Confused about supplements? There’s an app for that
From black cohosh to ease menopausal symptoms, to echinacea to prevent colds, to ginkgo biloba to improve memory – the list of herbal remedies marketed to consumers as health aids is virtually endless, and potentially confusing as well.
Although plants have been used for medicinal purposes for thousands of years, herbal supplements still aren’t as strictly regulated as over-the-counter or prescription medications, and supplement manufacturers do not have to get approval from the Food and Drug Administration [FDA] before putting their products on the market. Yet many of these supposedly “natural” supplements can have medication-like effects, or can interact significantly with prescription medicines, making it important for supplement users to have up-to-date information about possible unwanted effects of these supplements.
To help consumers navigate the wealth of information about popular herbs and herbal supplements, the National Institutes of Health [NIH] recently launched HerbList™, an app that provides research-based data about the safety and effectiveness of herbal products. Developed by the NIH’s National Center for Complementary and Integrative Health, HerbList is designed for consumers, healthcare providers and others to quickly access scientific information about the most popular herbal supplements sold for health purposes, including kava, acai, ginkgo, turmeric and more than 50 others.
The app’s users can access information on potential safety problems, side effects and herb-drug interactions, with links to additional resources. HerbList is available for free download on both Apple and Android devices.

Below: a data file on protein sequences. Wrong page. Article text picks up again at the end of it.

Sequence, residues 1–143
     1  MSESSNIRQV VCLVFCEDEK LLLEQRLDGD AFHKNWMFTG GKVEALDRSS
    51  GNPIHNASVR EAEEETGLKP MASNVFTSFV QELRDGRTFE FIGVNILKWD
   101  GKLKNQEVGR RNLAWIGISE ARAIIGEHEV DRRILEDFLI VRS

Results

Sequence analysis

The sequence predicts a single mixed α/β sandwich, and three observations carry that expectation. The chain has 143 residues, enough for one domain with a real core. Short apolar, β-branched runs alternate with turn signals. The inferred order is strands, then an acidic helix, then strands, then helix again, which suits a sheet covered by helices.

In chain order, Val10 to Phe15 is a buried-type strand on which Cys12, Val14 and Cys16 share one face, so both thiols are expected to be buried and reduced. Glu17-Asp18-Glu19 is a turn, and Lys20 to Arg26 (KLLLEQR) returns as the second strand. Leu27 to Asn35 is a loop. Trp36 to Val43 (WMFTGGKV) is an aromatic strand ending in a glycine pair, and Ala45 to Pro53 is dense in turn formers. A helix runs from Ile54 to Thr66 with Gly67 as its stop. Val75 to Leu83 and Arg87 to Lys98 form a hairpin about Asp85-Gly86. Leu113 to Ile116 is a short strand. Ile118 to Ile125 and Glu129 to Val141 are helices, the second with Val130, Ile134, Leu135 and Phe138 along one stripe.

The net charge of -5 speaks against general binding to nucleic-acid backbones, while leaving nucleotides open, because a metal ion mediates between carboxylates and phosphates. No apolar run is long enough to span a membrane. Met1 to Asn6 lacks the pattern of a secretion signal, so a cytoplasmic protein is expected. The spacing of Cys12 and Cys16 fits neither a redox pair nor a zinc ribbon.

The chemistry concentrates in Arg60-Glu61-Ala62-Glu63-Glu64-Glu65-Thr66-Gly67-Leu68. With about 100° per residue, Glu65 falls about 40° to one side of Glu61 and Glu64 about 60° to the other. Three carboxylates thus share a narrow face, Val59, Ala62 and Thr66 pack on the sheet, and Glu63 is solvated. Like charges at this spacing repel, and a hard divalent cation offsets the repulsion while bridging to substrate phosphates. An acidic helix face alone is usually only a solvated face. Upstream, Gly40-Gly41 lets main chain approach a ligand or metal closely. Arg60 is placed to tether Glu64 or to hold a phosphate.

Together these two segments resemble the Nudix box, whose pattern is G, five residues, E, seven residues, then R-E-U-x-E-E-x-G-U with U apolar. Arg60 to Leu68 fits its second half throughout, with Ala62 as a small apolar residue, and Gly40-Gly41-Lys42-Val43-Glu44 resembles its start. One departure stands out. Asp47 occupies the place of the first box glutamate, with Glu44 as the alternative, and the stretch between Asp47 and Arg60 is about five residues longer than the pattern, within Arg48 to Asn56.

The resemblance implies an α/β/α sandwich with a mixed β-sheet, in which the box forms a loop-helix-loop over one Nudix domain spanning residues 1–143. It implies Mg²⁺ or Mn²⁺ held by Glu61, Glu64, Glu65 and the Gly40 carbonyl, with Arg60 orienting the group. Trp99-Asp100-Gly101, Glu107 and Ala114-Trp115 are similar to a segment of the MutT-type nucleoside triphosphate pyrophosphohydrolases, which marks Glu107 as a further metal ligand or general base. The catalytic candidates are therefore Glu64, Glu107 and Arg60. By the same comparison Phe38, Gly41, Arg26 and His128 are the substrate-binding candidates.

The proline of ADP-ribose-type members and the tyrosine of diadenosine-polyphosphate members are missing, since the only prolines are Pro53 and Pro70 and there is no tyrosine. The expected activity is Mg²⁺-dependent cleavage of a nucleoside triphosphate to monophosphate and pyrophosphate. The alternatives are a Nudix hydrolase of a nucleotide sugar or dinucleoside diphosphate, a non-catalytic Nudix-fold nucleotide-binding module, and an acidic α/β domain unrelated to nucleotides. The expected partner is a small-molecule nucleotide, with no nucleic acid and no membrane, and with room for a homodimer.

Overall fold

New drivers at highest risk for accidents
The period between Memorial Day and Labor Day is often referred to as the “100 deadliest days” for teenage drivers, because their rate of fatal car crashes climbs by 15 percent compared to the rest of the year. However, teens with newly issued driver’s licenses may be at very high risk year-round, according to a new study conducted at Virginia Tech.
The study, recently published in the Journal of Adolescent Health, showed that teens were eight times more likely to be involved in a collision or near miss during their first three months after getting a driver’s license, compared to their final three months with a learner’s permit. New drivers also were four times more likely to engage in risky behaviors behind the wheel, such as accelerating rapidly, braking suddenly and making hard turns. By comparison, teens with learner’s permits had about the same rates of crashes and risky driving behaviors as adults.
Data for the study was collected using software and cameras installed in the participants’ cars. It is one of the first to follow participants’ driving continuously, from when they first obtained their learner’s permits through the end of their first year of licensed driving.
The rate of crashes and near-crashes was found to be similar in male and female new drivers. However, the research showed that risky driving, which did not differ by gender during the learning period, was higher among boys with new licenses than girls. The incidence of risky behaviors decreased over time for girls during their first year of licensed driving, but not for boys.